Decisions Blog

Archive for October, 2009

SCONUL Performance Portal

Very often, what to measure can be as problematic as how to measure it. This is an area where the sharing of good practice would seem to have much to commend it

It is mostly relevant to academic libraries, but SCONUL (Society of College, National and University Libraries; well known for it’s collection of statistical data) also has a Performance Portal launched in June 2007. This was an initiative of the SCONUL Working Group on Performance Improvement. The portal has a number of sections intended to disseminate good practice in the management of library performance. There are sections on survey tools such as LibQual. There is also one on Key Performance Indicators (KPIs), although as yet there is little detail in this area of the site.

The principle seems admirable. If you have any experience of performance management in an academic or public library, please do comment on your experience of the practice.

The future of Business Intelligence – what does it look like to you?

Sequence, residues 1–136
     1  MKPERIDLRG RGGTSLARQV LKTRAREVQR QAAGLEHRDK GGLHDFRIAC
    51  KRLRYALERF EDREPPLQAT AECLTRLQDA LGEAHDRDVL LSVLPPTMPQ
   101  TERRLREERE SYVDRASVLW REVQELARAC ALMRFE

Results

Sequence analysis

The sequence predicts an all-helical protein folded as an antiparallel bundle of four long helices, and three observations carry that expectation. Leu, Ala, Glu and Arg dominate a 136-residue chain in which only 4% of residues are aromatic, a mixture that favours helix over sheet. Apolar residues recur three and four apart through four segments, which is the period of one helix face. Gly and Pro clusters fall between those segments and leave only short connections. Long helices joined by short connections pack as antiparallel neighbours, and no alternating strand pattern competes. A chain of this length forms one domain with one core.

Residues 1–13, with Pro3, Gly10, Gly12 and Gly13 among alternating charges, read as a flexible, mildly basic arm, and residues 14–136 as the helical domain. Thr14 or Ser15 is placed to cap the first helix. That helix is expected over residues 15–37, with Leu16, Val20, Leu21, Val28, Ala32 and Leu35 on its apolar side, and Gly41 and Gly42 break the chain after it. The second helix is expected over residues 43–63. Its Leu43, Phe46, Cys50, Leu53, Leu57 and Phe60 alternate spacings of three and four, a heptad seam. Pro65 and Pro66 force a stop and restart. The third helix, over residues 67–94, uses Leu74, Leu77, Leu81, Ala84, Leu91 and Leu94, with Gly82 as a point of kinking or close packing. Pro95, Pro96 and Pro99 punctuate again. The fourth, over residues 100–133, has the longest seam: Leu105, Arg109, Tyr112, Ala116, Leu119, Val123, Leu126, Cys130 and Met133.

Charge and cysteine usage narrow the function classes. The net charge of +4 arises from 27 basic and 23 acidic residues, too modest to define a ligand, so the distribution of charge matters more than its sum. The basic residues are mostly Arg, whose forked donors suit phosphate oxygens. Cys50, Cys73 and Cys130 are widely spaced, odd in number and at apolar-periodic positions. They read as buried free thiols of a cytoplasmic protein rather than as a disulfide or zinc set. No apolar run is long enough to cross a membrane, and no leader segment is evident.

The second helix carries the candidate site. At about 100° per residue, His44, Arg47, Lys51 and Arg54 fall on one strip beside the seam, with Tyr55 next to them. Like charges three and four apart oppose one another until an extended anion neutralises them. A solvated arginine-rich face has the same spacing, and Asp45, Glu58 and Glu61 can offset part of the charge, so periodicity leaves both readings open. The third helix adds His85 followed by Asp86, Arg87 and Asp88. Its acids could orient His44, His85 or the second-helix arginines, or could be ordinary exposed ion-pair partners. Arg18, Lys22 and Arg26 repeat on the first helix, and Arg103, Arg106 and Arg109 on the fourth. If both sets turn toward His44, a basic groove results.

A recent article in Information Week identified four key issues (they called them “technologies” but they are more than that) in commerce and industry at large (not just Libraries):

  1. predictive analytics,
  2. real-time monitoring,
  3. in-memory processing,
  4. Software as as Service (SaaS)

Predictive Analytics uses data from past events to attempt to predict future ones. This would apply to things like automated assessment of mortgage applications or insurance claims in order to assess the likelihood of default or fraud. Real-time monitoring cuts the time taken to get relevant data to a decision maker in time to intervene whilst events are unfolding. A speedometer in a car is a very simple example. A more complex example: the doctor in charge of an Accident-and-Emergency unit might have a  display which alerts him/her to patients who are at risk of breaching the four-hour waiting-time target.

I cannot think of situations in libraries where either of these would be cost effective: it would of course be nice to be able to predict (say) next year’s loans or active borrower count, but the usefulness and statistical validity of such predictions would be questionable.

What is your view on this? Do you think that these capabilities have a place in the library world? Can you imagine likely scenarios or examples? Please use the comment facility to add your ideas.

The second two (in-memory processing and Software as as Service) are more promising. We looked at the Software as a Service model last year as an adjunct to Talis Decisions. It didn’t seem wholly cost-effective at that time, but it is an area that we are keeping under review. We are in the early stages of evaluating a possible in-memory extension to Talis Decisions. This might allow a more interactive style of “what-if” reporting.